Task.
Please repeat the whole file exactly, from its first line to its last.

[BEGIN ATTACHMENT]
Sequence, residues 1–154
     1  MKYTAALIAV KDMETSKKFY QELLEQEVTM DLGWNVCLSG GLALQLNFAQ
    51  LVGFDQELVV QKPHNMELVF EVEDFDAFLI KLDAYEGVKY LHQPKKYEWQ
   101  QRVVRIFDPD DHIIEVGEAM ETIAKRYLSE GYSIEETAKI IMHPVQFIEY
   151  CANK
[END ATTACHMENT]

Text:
Sequence, residues 1–154
     1  MKYTAALIAV KDMETSKKFY QELLEQEVTM DLGWNVCLSG GLALQLNFAQ
    51  LVGFDQELVV QKPHNMELVF EVEDFDAFLI KLDAYEGVKY LHQPKKYEWQ
   101  QRVVRIFDPD DHIIEVGEAM ETIAKRYLSE GYSIEETAKI IMHPVQFIEY
   151  CANK